From bustling street-food tours to the peace of the Taj Mahal, India is an irresistible patchwork of tastes, sounds and sights. Here, three Qantas Frequent Flyers let us in on their recent Indian sojourns so you can get inspiration for your own subcontinental adventure.
“I loved the colour, vibrance and busyness”
James Radford, Gold Frequent Flyer
I travelled to Delhi for my first-ever solo business trip. I was only there for five days but I wanted to explore as much as possible. I flew Qantas Business Class on Points over there and economy on the way back. Both flights were faultless: the cabin was new, the crew were lovely and the food was excellent.
I stayed at Le Meridien hotel in New Delhi and each morning I’d try to go for a run to the India Gate – a war memorial that looks a bit like the Arc de Triomphe in Paris.
I had a wonderful lunch at The Leela Palace New Delhi where the Jamavar restaurant serves incredible local food. I also found a tour guide online through Get Your Guide to show me the main sights like the Red Fort, the Khari Baoli spice market, Lotus Temple, Humayun’s Tomb and the Jama Masjid mosque. It’s really worth hiring a guide because they have such incredible knowledge and they get you into tourist spots quicker, which is very handy.
One of my friends at home recommended a visit to the Khan Market, a cool shopping area popular with expats, diplomats and wealthy locals – it reminded me of the shopping in Seminyak or Canggu in Bali. I also went to Chandni Chowk, one of the oldest markets in Delhi – I would definitely recommend jumping in a tuk tuk to explore it. It was great.
“You just show up and let India take you on a journey”
Fenella Horne, Bronze Frequent Flyer
My partner Cal and I were heading back to Sydney after living in London for nine years and we wanted to travel first. We arrived in Delhi not knowing where we were going next. This is a place where you can wing it: you just show up and let India take you on a journey.
On our first day, we had a driver who took us to Humayun’s Tomb. It’s a UNESCO site built in 1570 and it took our breath away.
A friend recommended the restaurant Indian Accent in Delhi, where we had a six-course tasting menu for lunch. We also did a three-hour walking street-food tour, just wandering around trying local foods such as chole bhature (a type of deep-fried bread) and jalebi (a sweet orangey-red snack).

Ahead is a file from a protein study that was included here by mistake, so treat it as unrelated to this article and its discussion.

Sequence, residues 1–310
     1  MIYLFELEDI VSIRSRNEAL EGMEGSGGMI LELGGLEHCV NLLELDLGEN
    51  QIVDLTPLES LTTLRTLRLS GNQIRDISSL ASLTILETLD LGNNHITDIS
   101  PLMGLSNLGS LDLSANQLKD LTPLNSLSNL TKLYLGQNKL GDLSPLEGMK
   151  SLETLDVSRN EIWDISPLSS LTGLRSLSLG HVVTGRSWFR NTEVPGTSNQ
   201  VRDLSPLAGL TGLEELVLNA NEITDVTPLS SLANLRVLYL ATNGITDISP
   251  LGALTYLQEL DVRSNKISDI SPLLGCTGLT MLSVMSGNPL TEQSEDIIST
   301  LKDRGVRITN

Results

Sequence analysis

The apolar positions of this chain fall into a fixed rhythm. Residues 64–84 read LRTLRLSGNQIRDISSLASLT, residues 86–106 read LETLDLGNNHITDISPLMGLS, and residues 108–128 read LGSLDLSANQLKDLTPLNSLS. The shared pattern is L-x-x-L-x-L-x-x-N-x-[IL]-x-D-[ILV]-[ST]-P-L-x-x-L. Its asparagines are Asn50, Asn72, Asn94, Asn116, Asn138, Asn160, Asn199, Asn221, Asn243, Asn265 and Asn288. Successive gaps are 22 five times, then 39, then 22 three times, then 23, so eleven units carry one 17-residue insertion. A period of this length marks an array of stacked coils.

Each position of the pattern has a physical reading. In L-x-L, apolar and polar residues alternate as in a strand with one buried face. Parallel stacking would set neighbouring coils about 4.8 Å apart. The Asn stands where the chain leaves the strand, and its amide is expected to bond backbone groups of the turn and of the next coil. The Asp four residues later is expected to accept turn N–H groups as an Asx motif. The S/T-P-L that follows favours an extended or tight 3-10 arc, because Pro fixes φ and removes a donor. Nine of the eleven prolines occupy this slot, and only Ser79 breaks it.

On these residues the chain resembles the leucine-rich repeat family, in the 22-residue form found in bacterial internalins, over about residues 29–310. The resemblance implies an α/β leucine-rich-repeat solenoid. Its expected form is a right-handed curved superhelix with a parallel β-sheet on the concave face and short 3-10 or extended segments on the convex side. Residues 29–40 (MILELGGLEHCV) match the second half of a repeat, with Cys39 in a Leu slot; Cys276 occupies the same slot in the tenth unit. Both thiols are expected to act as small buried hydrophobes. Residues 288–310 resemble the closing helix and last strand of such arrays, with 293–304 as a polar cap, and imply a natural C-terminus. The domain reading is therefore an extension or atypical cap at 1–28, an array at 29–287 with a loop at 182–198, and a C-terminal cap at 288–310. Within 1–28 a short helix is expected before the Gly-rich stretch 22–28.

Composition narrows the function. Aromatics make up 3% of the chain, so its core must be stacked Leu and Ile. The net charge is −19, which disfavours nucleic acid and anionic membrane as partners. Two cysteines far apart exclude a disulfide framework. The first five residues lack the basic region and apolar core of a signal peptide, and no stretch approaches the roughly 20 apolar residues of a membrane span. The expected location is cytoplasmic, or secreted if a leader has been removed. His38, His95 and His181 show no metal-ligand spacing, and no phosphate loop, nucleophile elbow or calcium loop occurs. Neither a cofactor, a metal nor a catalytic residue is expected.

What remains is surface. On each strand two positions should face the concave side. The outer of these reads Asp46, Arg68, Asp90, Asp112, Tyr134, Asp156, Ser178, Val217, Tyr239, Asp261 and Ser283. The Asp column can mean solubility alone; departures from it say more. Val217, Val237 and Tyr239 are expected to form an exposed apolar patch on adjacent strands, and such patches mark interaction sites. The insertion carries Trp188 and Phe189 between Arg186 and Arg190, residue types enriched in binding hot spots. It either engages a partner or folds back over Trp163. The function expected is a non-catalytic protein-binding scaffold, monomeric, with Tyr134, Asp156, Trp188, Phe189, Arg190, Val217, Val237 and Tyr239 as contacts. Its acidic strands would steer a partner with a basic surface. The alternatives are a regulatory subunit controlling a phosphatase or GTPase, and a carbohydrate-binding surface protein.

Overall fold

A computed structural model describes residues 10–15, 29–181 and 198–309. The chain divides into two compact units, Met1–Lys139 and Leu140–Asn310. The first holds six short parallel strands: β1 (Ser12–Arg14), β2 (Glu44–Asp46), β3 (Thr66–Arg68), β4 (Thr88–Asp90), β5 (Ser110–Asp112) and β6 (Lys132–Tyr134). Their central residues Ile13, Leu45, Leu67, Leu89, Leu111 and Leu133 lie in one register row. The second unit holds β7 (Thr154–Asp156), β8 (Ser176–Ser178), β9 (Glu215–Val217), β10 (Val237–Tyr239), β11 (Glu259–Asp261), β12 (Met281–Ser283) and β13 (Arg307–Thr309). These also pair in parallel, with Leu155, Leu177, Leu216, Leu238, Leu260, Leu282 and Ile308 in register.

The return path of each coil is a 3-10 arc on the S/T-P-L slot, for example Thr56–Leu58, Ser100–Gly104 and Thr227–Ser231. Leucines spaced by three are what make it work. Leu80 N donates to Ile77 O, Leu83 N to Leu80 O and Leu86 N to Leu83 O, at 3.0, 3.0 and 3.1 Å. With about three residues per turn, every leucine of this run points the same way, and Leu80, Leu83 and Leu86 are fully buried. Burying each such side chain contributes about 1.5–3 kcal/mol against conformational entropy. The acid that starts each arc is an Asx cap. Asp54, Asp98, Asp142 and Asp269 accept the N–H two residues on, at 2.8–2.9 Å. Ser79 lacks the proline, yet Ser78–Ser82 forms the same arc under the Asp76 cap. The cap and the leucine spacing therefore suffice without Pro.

From Delhi, we went to the Taj Mahal. We arrived at sunrise; it’s giving me shivers thinking about it. The scale, the serenity – it's so peaceful there.
Our favourite place was Udaipur, called the City of Lakes. It’s up in the mountains where the Taj Lake Palace sits in the middle of a lake.
We also visited Jaisalmer where we rode camels into the desert and stayed in tents. At night, there was traditional music. They pulled Cal up, then me. Suddenly, there were 50 people dancing! It was so much fun.
Our last stop was Goa where we went to Bamboo Yoga Retreat for five days. You do yoga on a remote beach, which is incredible.
“You must catch every sunrise and sunset that you can”
Ennea Miller-Hunt, Silver Frequent Flyer
One of my best friends is doing an internship in India so it was the perfect excuse for my friends back home (I’m originally from England) and I to visit; a mini reunion of sorts. I flew Qantas both ways – the experience was great and I loved that I was able to collect more Qantas points with the flights. We flew into Mumbai and spent a few days exploring. Mumbai Harbour has loads of islands; we caught a ferry from the Gateway of India to Elephanta, famous for its caves. I also loved Elco Market. People would drag you into these family-owned shops and start throwing clothes on you. We bought all sorts of gorgeous handmade clothes.
Next, we headed down to Goa. The Old Town reminded me of Lagos in Portugal. It was the Holi festival, so the village children threw coloured powder on us as we walked the streets. People were playing drums and shouting, “Happy Holi!” It was a really special experience.
We booked a backyard retreat, like a homestay, that we found through word-of-mouth out in the backwaters of Olaulim. Our room was in a cave (seriously!) and the family provided us with everything we needed. They also recommended the best restaurants; I had the most amazing curries of my life! There’s a Portuguese influence in Goa and lots of dishes include fish – my favourites were Viva in Old Goa and Hidden Heart in Aldona, a gorgeous traditional restaurant.
We had four days kayaking and hiking in Olaulim, waking at dawn. The Indian sun is this bright red ball, unlike anywhere else in the world, so you must catch every sunrise and sunset that you can. I’d go back in a heartbeat.